Patrick Edward Rockett (born January 9, 1955 in San Antonio, Texas) is a former baseball shortstop who played for the Atlanta Braves between 1976 and 1978. Rockett was drafted by the Braves as the tenth pick of the 1973 amateur draft. He played his first game with the Braves on September 17, 1976 against the Los Angeles Dodgers; it was one of only four major league games he played in that season.Rockett played parts of two more seasons with the Braves in 1977 and 1978. He spent the entire 1979 season with the Braves' Triple-A affiliate in Richmond before being traded in the 1979/80 off-season to the Toronto Blue Jays along with Barry Bonnell and Joey McLaughlin for Chris Chambliss and Luis Gómez.

Rockett never played a game with the Blue Jays, spending a year with their Triple-A affiliate in Syracuse before his career came to an end.Rockett played high school baseball at Robert E. Lee High School in San Antonio where he earned all-state honors. He was also an outstanding football player. He helped lead the Lee Volunteers to a 28-27 1971 UIL 4A State title over Wichita Falls High School. Tommy Kramer, who had a long NFL career, was his quarterback in high school. Another notable high school teammate was Richard Osborne who also earned all-state honors and later played pro football for the Philadelphia Eagles.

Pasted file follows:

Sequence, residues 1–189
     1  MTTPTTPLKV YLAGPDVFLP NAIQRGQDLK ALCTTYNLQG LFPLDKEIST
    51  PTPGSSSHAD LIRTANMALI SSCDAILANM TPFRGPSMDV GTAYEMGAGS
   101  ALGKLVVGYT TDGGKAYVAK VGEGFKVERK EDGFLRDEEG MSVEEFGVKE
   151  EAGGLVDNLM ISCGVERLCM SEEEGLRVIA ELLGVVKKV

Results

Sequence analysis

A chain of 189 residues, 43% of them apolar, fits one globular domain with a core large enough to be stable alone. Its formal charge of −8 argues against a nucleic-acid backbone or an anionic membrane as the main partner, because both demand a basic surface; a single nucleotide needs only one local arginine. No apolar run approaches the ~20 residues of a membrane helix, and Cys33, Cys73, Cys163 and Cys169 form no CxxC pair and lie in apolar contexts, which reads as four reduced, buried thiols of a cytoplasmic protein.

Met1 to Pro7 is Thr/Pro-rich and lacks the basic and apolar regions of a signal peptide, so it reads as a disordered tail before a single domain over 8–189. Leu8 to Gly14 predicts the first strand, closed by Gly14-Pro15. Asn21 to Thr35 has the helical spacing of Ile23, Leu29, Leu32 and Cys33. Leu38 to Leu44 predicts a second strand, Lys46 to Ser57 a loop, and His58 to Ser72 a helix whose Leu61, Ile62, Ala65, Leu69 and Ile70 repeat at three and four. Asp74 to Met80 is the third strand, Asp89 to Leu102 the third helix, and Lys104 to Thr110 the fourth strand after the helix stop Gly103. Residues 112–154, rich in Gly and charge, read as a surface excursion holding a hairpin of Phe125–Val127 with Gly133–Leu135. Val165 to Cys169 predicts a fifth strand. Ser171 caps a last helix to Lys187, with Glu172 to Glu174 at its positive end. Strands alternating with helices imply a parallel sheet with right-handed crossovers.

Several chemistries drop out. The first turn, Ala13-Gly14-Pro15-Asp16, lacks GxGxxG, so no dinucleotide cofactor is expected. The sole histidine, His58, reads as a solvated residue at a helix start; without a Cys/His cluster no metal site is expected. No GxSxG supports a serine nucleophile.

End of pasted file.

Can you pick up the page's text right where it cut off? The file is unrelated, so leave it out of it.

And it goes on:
Sporting positions
Preceded by
Jay Ward
New York Yankees hitting coach
Succeeded by
Champ Summers
Preceded by
first manager
London Tigers Manager
Succeeded by
Gene Roof
Preceded by
Buddy Bailey
Greenville Braves Manager
Succeeded by
Grady Little
Preceded by
Phil Niekro
Richmond Braves Manager
Succeeded by
Grady Little
Preceded by
Don Baylor
St. Louis Cardinals hitting coach
Succeeded by
George Hendrick
Preceded by
Rick Down
New York Yankees hitting coach
Succeeded by
Gary Denbo
Preceded by
Lynn Jones
Calgary Cannons Manager
Succeeded by
Dean Treanor
Preceded by
Dave Engle
New York Mets hitting coach
Succeeded by
Denny Walling
Preceded by
Ray Knight
Cincinnati Reds hitting coach
Succeeded by
Brook Jacoby
Preceded by
Marc Bombard
Charlotte Knights Manager
Succeeded by
Joe McEwing